stru-, struct-, -structure, -struction, -structive

(Latin: to build, to build up; to pile; to construct; to place together, to arrange)

industrial television (s) (noun), industrial televisions (pl)
A closed-circuit system that transmits images of objects (stationary or moving) between distant points and is used for monitoring and viewing manufacturing operations.
industrial waste (s) (noun), industrial wastes (pl)
Any of the various categories of disposable matter that is generated by manufacturing or commercial processes and which usually indicates some kind of hazardous or toxic materials: The city established a working group to monitor the industrial waste of the company that produced plastic films which was located near the river.
industrialism (s) (noun), industrialisms (pl)
1. A social system in which manufacturers and factories are the primary basis of a country's economy.
2. An economic system in which factories are dominant.
industrialist (s) (noun), industrialists (pl)
1. A person; for example, the owner, the managing director, or a large shareholder of an industrial enterprise, who has a substantial interest in the running and profits of that business.
2. Someone who manages or has significant financial interest in an industrial enterprise; or an owner or controller of an industrial concern.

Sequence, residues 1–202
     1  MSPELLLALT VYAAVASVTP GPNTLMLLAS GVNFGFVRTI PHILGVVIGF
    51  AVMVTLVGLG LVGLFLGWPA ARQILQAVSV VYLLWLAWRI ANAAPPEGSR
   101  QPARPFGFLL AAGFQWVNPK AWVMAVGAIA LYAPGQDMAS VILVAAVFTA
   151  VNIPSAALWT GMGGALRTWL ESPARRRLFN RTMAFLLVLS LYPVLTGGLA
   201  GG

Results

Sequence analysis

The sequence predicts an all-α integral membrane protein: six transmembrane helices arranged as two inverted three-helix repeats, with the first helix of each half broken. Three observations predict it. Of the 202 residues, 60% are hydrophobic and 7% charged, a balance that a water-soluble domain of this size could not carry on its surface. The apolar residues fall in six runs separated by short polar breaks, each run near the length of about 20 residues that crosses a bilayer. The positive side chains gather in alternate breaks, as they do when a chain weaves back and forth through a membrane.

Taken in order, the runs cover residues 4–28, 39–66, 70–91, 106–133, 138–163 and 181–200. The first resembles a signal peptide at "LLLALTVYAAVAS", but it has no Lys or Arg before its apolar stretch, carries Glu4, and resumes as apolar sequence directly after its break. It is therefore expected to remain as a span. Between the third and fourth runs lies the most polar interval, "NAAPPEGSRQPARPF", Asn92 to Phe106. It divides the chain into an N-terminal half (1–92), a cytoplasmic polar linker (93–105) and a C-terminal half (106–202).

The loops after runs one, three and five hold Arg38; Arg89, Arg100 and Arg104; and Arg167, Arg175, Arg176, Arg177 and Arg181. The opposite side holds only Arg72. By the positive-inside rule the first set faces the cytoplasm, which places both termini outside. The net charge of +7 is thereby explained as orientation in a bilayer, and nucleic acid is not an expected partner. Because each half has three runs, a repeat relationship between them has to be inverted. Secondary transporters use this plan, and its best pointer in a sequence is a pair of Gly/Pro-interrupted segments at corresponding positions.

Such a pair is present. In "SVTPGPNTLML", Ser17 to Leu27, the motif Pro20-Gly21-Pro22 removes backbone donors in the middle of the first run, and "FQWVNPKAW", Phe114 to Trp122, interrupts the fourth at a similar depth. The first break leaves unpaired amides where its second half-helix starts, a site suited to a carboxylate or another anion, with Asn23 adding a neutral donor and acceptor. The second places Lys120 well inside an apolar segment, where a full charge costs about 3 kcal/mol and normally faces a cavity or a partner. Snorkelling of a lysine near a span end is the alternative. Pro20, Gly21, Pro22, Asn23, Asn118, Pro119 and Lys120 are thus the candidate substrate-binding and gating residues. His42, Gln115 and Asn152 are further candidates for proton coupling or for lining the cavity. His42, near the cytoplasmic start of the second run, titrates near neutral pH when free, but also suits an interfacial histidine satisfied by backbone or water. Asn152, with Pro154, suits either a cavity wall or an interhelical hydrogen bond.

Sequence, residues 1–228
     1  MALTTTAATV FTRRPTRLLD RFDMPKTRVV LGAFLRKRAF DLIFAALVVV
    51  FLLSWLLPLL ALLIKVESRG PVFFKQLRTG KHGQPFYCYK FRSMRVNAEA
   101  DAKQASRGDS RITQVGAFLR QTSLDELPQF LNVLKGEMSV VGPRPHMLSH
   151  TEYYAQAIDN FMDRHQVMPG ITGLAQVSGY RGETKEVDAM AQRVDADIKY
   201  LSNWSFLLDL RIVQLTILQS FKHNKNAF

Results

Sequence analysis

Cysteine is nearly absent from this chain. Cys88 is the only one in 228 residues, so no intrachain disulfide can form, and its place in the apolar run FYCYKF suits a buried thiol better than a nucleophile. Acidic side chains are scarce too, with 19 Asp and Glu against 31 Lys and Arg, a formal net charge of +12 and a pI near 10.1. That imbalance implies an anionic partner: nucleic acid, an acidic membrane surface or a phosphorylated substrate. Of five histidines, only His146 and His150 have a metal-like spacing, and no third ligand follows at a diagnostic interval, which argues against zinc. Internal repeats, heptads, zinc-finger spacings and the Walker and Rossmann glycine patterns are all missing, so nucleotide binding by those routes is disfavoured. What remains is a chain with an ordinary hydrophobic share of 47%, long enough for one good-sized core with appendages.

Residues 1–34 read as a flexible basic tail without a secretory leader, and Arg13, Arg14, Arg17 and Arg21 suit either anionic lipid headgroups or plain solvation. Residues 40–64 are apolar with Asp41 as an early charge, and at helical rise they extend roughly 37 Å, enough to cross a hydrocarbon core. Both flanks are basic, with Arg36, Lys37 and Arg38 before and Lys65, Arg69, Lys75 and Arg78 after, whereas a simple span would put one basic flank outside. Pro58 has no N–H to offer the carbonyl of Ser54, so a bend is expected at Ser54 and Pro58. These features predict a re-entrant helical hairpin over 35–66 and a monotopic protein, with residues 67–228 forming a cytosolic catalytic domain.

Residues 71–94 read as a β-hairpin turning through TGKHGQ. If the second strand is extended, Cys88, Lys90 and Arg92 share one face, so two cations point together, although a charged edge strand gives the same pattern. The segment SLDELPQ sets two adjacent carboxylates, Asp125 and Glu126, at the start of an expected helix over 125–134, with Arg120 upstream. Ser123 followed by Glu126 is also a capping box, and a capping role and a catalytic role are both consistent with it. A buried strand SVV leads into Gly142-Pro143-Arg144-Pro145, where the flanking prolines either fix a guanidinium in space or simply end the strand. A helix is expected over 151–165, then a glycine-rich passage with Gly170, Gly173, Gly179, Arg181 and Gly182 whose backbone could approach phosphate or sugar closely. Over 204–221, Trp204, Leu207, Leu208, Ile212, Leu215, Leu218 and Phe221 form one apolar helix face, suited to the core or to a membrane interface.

industrialization (s) (noun), industrializations (pl)
1. Regions or areas that are building and operating more factories and businesses: "This particular country is in the early development of industrialization."
2. The process of establishing an industrial society; especially, the development and the widespread use of modern energy technologies; such as, steam power, coal, oil and natural gas, and electricity as replacements for traditional energy sources; including, human and animal power.
industrialize (verb), industrializes; industrialized; industrializing
1. Creating large-scale machine-based productions in all sectors of the national economy; especially, production and manufacturing.
2. To build and to operate factories and businesses in a city, region, country, etc.: "The government wants to industrialize some of the agricultural regions."